The Riddell-Swan Veterinary Cancer Centre

Information for Referred Clients

Welcome to the Riddell-Swan Veterinary Cancer Centre at the University of Edinburgh.

Linac close up

Our mission is to improve the diagnosis, prevention and treatment of cancer affecting companion animals, as well as to help translate research and knowledge to improve cancer care in people. We are a fully comprehensive cancer centre and offer advanced therapy including surgery, chemotherapy, radiation therapy and palliative care.

The Riddell-Swan Team

The Oncology team is comprised of vets who specialise in the treatment of cancer, residents seeking advanced oncology training, a specialised oncology nurse, and a trained radiation therapist. One primary aim of our center is to fully inform you about the diagnosis, treatment and prognosis of your pet’s particular cancer such that you are comfortable making decisions that are right for you and your pet. During your first visit to the Riddell-Swan, an oncology clinician will consult with you to discuss your pet’s cancer and what (or if) additional testing is necessary prior to determining an optimal course of treatment.

Board Certified Specialists

Just as in human medicine, veterinary specialists are available to aid the general practitioner with complex or specific cases. It is important to consult with a specialist who is board-certified in veterinary oncology; these are individuals who have spent several years in intense training in cancer diagnosis, management, and prognostication. They have seen hundreds of cases and taken rigorous examinations to ensure they meet the qualifications of a specialist. Specialists at the Riddell Swan Veterinary Cancer Centre are board-certified by either the European College of Veterinary Internal Medicine (ECVIM - subspecialty Oncology) and/or the American College of Veterinary Internal Medicine (ACVIM - Oncology) and the American College of Veterinary Radiology (ACVR - Radiation Oncology). Together with a team of veterinarians in the midst of intense training, oncology patients are managed collectively to ensure consistent care.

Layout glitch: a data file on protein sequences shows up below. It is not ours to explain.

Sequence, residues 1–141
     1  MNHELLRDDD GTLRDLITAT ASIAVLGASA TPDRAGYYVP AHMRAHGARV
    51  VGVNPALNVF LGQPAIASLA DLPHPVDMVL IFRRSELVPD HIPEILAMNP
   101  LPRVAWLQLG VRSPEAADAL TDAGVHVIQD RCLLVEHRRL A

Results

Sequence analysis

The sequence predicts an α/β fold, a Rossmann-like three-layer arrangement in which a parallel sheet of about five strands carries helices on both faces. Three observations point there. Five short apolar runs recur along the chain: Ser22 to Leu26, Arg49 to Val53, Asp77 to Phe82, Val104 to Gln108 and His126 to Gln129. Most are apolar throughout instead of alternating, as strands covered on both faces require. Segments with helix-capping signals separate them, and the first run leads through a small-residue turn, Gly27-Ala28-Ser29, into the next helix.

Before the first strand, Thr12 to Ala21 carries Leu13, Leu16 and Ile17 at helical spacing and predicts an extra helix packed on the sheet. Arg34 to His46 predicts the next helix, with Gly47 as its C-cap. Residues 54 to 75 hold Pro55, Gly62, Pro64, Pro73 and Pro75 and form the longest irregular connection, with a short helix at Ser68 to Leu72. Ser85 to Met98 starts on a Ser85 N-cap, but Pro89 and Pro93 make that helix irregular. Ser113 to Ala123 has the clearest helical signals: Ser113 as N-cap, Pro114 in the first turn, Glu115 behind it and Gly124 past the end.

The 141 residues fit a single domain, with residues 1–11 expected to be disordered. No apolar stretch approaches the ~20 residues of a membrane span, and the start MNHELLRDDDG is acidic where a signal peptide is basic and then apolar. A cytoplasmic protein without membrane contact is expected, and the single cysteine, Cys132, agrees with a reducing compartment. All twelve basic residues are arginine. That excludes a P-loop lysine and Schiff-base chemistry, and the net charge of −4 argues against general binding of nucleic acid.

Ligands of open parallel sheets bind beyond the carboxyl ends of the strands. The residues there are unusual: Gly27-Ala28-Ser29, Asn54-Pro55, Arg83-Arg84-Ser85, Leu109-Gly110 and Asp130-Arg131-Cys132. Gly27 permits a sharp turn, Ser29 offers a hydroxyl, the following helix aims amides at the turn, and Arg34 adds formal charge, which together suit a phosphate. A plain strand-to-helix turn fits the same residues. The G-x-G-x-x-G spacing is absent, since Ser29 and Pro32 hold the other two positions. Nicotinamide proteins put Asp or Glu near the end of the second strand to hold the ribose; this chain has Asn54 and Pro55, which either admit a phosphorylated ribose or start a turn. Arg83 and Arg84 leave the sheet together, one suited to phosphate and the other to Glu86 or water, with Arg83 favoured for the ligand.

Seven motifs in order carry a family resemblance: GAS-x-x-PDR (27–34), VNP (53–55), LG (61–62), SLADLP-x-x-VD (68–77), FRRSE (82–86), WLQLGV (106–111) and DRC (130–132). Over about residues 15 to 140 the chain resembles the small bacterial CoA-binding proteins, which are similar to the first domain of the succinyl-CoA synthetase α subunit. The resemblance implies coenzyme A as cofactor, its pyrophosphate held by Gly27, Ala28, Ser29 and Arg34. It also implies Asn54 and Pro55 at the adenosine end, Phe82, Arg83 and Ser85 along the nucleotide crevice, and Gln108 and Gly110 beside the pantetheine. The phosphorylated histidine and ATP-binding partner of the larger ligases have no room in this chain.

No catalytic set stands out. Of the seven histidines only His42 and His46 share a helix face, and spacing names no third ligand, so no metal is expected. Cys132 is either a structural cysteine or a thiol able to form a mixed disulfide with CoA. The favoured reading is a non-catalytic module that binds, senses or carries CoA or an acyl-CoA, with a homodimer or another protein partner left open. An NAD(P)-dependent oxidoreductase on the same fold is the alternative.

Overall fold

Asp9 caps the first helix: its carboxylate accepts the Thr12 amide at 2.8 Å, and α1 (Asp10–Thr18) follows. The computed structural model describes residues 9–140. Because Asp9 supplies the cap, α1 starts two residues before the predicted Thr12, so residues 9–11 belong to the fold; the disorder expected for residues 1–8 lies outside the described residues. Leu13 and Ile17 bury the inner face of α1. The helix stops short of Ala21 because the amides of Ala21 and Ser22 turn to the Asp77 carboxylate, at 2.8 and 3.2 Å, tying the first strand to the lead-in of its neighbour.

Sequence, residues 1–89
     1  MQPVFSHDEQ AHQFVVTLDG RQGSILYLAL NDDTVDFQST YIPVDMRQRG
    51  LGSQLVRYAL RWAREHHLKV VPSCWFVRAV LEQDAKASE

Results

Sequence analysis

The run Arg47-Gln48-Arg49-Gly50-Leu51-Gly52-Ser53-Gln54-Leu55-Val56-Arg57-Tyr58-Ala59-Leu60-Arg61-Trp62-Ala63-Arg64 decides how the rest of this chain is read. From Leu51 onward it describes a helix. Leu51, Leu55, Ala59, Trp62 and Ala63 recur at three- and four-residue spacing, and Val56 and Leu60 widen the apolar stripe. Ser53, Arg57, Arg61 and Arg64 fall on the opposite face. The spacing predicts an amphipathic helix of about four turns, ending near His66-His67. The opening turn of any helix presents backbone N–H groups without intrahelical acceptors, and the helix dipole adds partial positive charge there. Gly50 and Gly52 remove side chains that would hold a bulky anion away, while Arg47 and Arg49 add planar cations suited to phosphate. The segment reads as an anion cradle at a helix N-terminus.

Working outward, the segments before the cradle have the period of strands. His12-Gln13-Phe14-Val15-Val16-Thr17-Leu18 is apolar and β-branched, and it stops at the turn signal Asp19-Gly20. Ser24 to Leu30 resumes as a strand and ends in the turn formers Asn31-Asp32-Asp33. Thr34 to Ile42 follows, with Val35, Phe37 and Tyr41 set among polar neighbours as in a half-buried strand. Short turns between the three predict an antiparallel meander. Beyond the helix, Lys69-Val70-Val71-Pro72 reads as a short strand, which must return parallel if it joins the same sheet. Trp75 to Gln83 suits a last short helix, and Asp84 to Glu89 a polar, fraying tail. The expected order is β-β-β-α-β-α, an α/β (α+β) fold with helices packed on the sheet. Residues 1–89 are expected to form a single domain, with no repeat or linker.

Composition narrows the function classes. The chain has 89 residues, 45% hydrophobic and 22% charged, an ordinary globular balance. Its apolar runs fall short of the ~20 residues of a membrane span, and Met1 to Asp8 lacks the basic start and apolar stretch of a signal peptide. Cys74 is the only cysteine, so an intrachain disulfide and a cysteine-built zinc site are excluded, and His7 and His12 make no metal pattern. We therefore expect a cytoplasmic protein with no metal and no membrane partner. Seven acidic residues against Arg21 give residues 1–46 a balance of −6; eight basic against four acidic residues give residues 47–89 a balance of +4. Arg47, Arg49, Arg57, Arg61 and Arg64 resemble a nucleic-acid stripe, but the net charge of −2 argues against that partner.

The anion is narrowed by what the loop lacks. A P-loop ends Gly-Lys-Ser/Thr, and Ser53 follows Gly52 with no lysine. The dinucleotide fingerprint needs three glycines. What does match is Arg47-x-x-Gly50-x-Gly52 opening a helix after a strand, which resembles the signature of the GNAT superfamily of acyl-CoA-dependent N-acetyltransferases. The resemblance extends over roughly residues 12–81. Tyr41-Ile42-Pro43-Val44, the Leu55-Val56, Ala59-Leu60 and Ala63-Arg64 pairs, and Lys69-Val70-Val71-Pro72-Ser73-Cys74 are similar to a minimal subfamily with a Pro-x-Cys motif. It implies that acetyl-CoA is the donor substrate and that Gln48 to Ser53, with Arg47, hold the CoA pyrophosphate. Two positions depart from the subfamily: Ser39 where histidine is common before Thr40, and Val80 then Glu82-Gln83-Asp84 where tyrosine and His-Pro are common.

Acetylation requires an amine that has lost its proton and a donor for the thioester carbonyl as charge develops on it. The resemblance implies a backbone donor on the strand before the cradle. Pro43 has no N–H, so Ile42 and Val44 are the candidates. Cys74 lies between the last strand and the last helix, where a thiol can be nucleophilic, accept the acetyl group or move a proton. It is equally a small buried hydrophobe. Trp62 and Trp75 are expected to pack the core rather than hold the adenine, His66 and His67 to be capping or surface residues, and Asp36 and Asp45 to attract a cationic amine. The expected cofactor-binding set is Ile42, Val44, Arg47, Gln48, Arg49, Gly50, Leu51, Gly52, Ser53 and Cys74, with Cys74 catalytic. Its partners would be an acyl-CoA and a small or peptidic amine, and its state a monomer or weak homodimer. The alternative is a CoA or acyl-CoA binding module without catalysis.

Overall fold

Many  general practice vets do a wonderful job at treating cancer but may not have new information on treatments or access to specialised equipment like a linear accelerator (linac). Specialists at the Riddell-Swan Cancer Centre work closely with your general practice vet to ensure they understand the diagnostic and treatment recommendations that are made for your pet. Many pets will follow-up with their practicing veterinarian following cancer therapy.

Prior to determining the optimal treatment for your pet’s cancer, a number of vital pieces of information need to be gathered such as:

  • What type of cancer does your pet have?
  • How is your pet’s cancer likely to behave (what is it likely to do)?
  • How advanced is your pet’s cancer?
  • Does your pet have other diseases or conditions that might limit the diagnostic and/or treatment options available?

About Cancer in Pets

Cancer is the uncontrolled growth of abnormal cells on or in the body. Cancer in pets is a relatively common disease and is the leading cause of death in pet dogs and cats. Not all cancer is the same but many types are treatable with long term control with specialised cancer care. Treatments offered for cancer in humans is becoming increasingly available for pets, including surgery, radiation therapy, chemotherapy, biologically targeted therapy, and immunotherapy. While not every treatment is recommended for each pet, our goal upon consulting with you and your pet is to ensure that you are aware of the options that may be used to treat your pet’s cancer.